Diary: Caleb E. Iddings, 1881
Today, January 20th is imprinted in our minds as a day of ceremony marking the hope and promise of a new presidential term.
Prior to 1933, however, folks had to wait an additional six weeks – that is, until March 4th – before officially swearing in a president chosen in November.
While chances for mild weather are far greater in March than in January, Dr. Caleb Edward Iddings (1829-1904) lets us know that James A. Garfield’s inauguration in 1881 resembled deep winter rather than a foretelling of spring.
Dr. Iddings describes a snowy day turning to rain with extreme wind and expresses concern for those attending the ceremony in Washington DC. Indeed, an inauspicious beginning to a tragic presidency that would end by assassination just six and a half months later.
Essay: “The Inauguration,” Allan Farquhar, 1901
Today, we witness the inauguration of the 46th president of the United States. One of the many treasures found within the Sandy Spring Archives is Allan Farquhar’s (1853-1944) essay, The Inauguration.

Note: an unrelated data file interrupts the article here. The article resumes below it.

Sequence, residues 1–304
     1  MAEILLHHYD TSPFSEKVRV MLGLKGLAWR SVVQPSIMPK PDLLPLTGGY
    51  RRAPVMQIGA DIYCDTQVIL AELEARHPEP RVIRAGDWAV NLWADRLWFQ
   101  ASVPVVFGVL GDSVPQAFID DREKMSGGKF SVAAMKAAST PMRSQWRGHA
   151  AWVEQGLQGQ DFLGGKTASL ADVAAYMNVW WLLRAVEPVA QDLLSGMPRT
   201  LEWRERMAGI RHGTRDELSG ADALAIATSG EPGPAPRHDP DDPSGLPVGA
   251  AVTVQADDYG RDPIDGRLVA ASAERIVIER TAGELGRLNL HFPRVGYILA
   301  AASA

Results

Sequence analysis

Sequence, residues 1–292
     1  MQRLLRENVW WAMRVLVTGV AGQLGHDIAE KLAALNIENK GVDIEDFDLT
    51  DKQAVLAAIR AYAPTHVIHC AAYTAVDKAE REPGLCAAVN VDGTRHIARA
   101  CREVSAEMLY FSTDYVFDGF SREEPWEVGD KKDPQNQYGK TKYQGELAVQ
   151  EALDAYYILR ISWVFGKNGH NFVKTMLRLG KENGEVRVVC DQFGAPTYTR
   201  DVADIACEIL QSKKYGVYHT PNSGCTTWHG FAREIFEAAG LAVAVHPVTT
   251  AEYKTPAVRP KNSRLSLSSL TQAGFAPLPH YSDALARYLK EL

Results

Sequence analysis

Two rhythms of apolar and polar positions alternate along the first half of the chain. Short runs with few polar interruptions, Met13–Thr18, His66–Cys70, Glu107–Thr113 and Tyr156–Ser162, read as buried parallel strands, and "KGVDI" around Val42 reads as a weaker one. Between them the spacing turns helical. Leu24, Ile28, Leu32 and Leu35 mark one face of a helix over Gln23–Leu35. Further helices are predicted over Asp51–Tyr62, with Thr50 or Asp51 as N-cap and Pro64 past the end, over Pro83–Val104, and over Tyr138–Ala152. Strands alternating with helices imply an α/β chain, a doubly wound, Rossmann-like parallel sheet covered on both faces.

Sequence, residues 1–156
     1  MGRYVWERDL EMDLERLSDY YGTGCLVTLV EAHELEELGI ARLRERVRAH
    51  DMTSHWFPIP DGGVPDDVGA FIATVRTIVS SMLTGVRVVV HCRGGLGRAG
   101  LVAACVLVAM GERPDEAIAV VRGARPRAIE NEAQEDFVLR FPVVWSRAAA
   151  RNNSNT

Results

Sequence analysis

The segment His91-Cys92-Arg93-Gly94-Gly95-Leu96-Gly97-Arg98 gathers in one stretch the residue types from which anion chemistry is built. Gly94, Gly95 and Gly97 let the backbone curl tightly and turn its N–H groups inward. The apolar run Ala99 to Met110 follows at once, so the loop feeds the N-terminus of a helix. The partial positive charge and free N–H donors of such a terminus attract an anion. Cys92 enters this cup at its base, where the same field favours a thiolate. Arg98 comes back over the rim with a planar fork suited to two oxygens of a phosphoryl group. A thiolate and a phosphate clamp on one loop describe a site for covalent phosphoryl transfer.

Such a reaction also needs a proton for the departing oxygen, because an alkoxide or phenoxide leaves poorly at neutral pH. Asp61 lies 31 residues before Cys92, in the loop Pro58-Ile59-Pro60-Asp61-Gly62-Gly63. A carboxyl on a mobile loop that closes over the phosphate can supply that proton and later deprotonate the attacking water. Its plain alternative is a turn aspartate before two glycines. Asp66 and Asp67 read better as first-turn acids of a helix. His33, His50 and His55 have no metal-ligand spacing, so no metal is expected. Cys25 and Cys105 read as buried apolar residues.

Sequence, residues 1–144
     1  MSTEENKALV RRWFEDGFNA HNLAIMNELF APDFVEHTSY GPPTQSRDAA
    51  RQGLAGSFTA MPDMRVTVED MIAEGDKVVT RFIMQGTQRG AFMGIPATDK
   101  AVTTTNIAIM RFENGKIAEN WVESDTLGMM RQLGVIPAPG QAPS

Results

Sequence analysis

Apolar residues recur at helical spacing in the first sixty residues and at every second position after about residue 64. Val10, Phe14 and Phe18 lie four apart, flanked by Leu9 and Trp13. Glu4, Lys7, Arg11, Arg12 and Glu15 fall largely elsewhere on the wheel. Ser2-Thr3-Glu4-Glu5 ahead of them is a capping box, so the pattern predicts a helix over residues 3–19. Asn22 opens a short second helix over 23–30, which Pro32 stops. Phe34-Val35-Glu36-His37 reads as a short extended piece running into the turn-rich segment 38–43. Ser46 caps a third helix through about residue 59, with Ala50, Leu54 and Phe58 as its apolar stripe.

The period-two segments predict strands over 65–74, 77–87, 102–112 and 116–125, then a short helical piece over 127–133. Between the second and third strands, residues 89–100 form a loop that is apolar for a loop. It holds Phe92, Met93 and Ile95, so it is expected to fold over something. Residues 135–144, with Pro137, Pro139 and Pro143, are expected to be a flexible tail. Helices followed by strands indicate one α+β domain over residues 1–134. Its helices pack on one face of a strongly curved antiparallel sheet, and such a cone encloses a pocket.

Within these pages, you will journey to our nation’s capital not once, but ten times, to join Mr. Farquhar as he describes his experiences standing within the crowds at the steps of the Capitol watching several presidential inaugurations.
He begins with this amazing recollection, “Well do I remember the tall figure and swarthy face of Lincoln as he emerged from between the pillars on the eastern portico to deliver his immortal 2nd inaugural.” Within these pages, you will discover vivid accounts of the atmosphere surrounding the inaugurations of Abraham Lincoln, Grant, Hayes, Garfield, Cleveland, McKinley, and Harrison.
Should you decide to read this essay, you will be rewarded with first-hand knowledge and fascinating insights regarding the political landscape surrounding these great men.